Head­less Chicken is one tough rooster

Es­sen­tial oils’ cancer-cure claims risk legal back­lash

Sunday News - - NEWS - MARTIN VAN BEY­NEN DANI MCDON­ALD

SOME New Zealand-based sell­ers of an im­ported es­sen­tial oil brand are us­ing it to treat cancer pa­tients and be­lieve it could cure the dis­ease.

The Doterra net­work is ex­pand­ing rapidly in New Zealand and Aus­tralia, us­ing a multi-level mar­ket­ing struc­ture where sell­ers re­cruit other sell­ers and take com­mis­sions on sales made by those on lower lev­els.

Rose Scott, of Motueka, and Molly Wast­ney, of Nel­son, were some of the first Doterra dis­trib­u­tors in New Zealand. Wast­ney has more than 1000 sell­ers on lev­els be­neath her. Scott has 179 sell­ers in her team.

When con­tacted, both Scott and Wast­ney said they wouldn’t GRANT Fell has just learned he had beaten cancer.

And both he and his wife, Rachael Church­ward, are adamant his suc­cess is a re­sult of a strict diet elim­i­nat­ing sugar and car­bo­hy­drates.

With the help of their on­col­o­gist, they say they in­te­grated a weekly chemo­ther­apy dose with a ke­to­genic diet which in­cluded con­sum­ing frank­in­cense, turmeric and sea cu­cum­ber.

The for­mer bass player in 90s alt-pop band Head­less Chick­ens and co-ed­i­tor of fash­ion mag­a­zine Black now plans to pub­lish a book about his jour­ney.

‘‘Just to share the knowl­edge that I’ve learned – it might help some other peo­ple,’’ he said.

News of Fell’s glioblas­toma – a can­cer­ous brain tu­mour – rocked the mu­sic and fash­ion com­mu­nity in 2015.

They ral­lied be­hind him, rais­ing $11,000 from a fundraiser at Pon­sonby pub Golden Dawn, and $40,000 from a Givealit­tle page.

It’s been two and a half weeks since Fell learned his cancer was in re­mis­sion. He’s spent some of those days en­joy­ing a few beers in the sun while lis­ten­ing to his favourite soul/funk mu­sic.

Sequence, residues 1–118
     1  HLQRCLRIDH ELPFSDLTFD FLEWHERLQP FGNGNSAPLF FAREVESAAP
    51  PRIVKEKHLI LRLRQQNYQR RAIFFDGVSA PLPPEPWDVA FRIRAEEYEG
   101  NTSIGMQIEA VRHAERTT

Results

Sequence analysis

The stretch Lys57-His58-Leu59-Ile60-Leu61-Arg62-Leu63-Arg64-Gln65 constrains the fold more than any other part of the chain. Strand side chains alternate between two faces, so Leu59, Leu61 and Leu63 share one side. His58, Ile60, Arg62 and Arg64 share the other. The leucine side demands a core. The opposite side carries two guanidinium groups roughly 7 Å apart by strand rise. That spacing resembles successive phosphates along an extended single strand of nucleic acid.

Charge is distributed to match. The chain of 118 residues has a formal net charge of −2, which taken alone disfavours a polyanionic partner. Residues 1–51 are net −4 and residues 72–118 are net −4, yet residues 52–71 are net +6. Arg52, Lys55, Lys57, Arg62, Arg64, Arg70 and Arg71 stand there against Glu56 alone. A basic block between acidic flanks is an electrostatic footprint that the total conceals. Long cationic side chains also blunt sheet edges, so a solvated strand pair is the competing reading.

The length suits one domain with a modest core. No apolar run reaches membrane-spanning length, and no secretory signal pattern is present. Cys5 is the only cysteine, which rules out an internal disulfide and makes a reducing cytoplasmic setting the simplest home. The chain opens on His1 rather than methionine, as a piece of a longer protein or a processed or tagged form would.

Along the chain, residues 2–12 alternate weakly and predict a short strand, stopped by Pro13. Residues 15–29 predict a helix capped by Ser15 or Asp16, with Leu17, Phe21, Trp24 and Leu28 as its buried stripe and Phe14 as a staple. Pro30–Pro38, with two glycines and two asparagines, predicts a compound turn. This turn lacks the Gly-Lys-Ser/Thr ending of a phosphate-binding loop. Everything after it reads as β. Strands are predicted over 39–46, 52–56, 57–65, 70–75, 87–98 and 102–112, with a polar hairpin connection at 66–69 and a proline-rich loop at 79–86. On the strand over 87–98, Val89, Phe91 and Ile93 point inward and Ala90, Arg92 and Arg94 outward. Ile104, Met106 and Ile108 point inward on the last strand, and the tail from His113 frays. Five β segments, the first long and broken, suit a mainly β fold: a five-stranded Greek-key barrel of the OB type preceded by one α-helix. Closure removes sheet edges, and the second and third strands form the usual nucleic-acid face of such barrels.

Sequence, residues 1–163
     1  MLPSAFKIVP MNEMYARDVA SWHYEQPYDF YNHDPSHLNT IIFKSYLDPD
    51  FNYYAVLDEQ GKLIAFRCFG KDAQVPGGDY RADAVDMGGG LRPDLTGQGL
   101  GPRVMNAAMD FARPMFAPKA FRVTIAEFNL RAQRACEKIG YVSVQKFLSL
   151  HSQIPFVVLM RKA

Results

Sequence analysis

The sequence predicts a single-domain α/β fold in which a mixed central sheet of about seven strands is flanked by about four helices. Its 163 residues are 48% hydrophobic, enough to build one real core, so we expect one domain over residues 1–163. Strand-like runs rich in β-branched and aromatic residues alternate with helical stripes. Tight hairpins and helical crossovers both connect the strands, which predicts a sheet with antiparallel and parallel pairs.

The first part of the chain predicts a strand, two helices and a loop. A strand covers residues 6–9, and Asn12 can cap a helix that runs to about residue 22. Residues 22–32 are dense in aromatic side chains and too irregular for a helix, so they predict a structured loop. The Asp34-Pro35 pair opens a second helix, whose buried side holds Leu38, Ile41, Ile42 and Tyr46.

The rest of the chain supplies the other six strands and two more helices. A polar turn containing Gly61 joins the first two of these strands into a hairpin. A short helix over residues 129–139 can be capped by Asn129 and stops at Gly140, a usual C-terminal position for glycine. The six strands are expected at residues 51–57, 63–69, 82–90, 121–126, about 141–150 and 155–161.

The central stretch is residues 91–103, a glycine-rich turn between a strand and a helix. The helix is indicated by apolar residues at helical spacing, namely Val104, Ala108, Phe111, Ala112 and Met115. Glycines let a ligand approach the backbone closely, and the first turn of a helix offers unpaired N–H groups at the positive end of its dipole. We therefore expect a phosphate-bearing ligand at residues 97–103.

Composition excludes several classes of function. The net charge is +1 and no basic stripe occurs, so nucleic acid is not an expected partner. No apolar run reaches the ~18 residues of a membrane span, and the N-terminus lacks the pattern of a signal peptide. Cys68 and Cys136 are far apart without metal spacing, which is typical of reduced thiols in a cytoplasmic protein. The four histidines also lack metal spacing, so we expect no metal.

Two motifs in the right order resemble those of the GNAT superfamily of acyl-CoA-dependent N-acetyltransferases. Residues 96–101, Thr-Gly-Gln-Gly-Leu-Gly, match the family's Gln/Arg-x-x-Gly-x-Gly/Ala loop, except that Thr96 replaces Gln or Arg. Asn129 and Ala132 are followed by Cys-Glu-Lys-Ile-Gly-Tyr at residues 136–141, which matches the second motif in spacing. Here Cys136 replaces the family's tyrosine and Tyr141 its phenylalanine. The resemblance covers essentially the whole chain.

But mostly, he’s been learn­ing to walk again and let­ting the news sink in.

‘‘There were many times when I thought I wouldn’t make it,’’ he openly claim the oils could cure cancer but were con­vinced of its heal­ing pow­ers based on their ex­pe­ri­ence with cancer pa­tients.

Cancer So­ci­ety med­i­cal di­rec­tor Dr Chris Jack­son said no re­search in­di­cated es­sen­tial oils were ef­fec­tive cancer treat­ments and pro­mot­ing un­proven ther­a­pies was il­le­gal. ‘‘Any­body rec­om­mend­ing them as a treat­ment or cure should be said.

‘‘More re­cently I was pre­par­ing to go into pal­lia­tive care be­cause I was so hard to look af­ter. I thought my life was go­ing to end and I thought I’d go into a home to make it eas­ier for my wife.’’

Church­ward spent days and nights re­search­ing and car­ing for Fell while mea­sur­ing out his in­take of pro­tein and fat.

‘‘It’s made me stronger – I’m pretty strong any­way – but it’s made me re­alise that I can ac­tu­ally do a lot more than I thought I could,’’ she said.

New Zealand Mu­sic Foun­da­tion gen­eral man­ager Peter Dick­ens said Fell’s ‘‘in­no­va­tive and brave ap­proach’’ to his health was typ­i­cal of his cre­ative knack – a legacy that con­tin­ued af­ter his in­volve­ment with the Head­less Chick­ens.

The foun­da­tion pro­vides emer­gency as­sis­tance to Kiwi mu­si­cians and their fam­i­lies.

‘‘The con­tri­bu­tion that Head­less Chick­ens made to NZ mu­sic can’t be over­stated,’’ Dick­ens said.

‘‘What a lot of peo­ple don’t know about Grant was that he also directed their mu­sic videos, so his in­flu­ence stretches far be­yond gui­tar play­ing, it is his whole ap­proach to his cre­ative ef­forts and his ef­forts in mu­sic.’’

It’s ex­pected to be an­other two years be­fore Fell is back, fully func­tion­ing. In the mean­time, he plans to fin­ish the book.

Travel is also on the cards, as well as lots of dough­nuts. re­ferred to the Health and Dis­abil­ity Com­mis­sioner for in­ves­ti­ga­tion.’’

In 2014, the Amer­i­can Food and Drug Ad­min­is­tra­tion warned Doterra about claims by dis­trib­u­tors that its oils were ef­fec­tive against Ebola, cancer, autism and other con­di­tions. The com­pany re­sponded by set­ting up a team to scour so­cial me­dia sites for non-com­pli­ant claims.

Head­less Chick­ens front­man Grant Fell, seen here with wife Rachael Church­ward, says a ke­to­genic diet helped him beat cancer.

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